A project without contingency is like a pilot without a parachute. Terry Bunio should know. Having participated in a fair share of projects himself, Bunio has seen everything: from those who remove contingency to avoid inflated project costs, to those who see it as an essential factor. In a PM Hut article, Bunio sorts it all out.
Contingency is Reality
The first thing to understand about contingency is that it is meant to reflect reality. Airplanes have crashed in the past. Without a parachute of contingency, past issues can reoccur for project staff. And a lack of contingency in favor of feature velocity may leave the business unsettled by shattering ambitions about project scope.
Reality means there is Friction
The wisdom of contingency: grab all the budget and schedule you need at the start of the project, instead of shaking your head in despair when months into the project you find yourself short on features to deliver. In the rare case that a lack of estimates is best for your team, it probably means there is more of a product rather than project orientation. Most projects involve friction:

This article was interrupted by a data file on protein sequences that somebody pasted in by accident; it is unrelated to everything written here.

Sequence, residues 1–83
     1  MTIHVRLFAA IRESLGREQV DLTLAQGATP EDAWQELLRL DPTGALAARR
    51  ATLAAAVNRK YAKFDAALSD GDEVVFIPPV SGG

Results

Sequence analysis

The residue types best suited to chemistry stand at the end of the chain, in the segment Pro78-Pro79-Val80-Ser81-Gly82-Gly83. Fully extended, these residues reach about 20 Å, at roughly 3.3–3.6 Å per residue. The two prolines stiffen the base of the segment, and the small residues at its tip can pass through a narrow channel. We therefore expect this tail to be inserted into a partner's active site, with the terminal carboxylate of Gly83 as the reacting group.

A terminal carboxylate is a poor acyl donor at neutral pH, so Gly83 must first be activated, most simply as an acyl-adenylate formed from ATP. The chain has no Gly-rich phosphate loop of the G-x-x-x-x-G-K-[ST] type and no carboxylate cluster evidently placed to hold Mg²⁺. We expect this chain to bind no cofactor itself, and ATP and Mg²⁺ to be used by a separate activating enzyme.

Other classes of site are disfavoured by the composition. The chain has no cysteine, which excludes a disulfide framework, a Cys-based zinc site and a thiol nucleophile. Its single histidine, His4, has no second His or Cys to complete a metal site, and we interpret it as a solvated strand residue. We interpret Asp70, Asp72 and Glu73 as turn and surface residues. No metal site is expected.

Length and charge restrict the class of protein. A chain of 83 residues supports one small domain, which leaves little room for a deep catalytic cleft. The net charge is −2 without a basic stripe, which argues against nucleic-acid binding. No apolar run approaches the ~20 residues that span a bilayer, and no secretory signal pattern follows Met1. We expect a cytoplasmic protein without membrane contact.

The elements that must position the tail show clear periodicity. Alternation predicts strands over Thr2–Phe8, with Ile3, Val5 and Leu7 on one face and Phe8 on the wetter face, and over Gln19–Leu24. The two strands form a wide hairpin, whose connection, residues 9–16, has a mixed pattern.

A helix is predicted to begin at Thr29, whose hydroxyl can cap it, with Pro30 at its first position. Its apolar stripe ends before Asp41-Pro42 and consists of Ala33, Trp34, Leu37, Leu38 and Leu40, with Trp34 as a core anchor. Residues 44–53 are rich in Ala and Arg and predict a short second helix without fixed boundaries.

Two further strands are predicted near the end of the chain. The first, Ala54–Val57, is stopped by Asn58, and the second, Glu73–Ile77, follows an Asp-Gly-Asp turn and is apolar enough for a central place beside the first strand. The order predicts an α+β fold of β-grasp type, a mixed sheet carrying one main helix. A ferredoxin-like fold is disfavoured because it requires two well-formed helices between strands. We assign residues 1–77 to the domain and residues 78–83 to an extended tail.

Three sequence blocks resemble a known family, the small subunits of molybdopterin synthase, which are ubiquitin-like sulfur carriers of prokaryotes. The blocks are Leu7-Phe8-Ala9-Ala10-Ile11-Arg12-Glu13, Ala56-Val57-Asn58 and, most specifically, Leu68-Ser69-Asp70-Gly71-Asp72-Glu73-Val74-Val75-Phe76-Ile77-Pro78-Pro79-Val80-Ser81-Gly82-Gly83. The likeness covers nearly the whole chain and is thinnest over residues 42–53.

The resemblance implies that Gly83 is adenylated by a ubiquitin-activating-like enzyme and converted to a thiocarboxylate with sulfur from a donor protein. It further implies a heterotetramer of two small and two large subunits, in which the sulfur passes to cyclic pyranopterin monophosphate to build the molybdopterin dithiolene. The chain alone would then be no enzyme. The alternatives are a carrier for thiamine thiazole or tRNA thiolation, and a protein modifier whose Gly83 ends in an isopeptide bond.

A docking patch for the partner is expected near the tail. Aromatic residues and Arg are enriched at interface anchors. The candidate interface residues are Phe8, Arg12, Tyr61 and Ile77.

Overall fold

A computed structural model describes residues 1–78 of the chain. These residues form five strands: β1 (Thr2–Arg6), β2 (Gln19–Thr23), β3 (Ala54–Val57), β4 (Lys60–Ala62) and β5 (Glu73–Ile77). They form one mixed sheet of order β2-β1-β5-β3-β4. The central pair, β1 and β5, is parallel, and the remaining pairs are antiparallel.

While No Estimates is intriguing, the removal of the analysis and incorporation of contingency is dangerous and can be deadly. While past velocity is an important factor, future planning and learning from the past is equally important. To manage mathematically based on past history is overlooking one very key factor – prior projects and experience.
To put emphasis on the words of Bunio, the removal of…contingency…can be deadly. Just imagine you are piloting a fighter jet and the control tower radios in to inform that your parachute is faulty. Wouldn’t you feel just a bit better if it weren’t?
To read the full post, visit: http://www.pmhut.com/a-case-for-contingency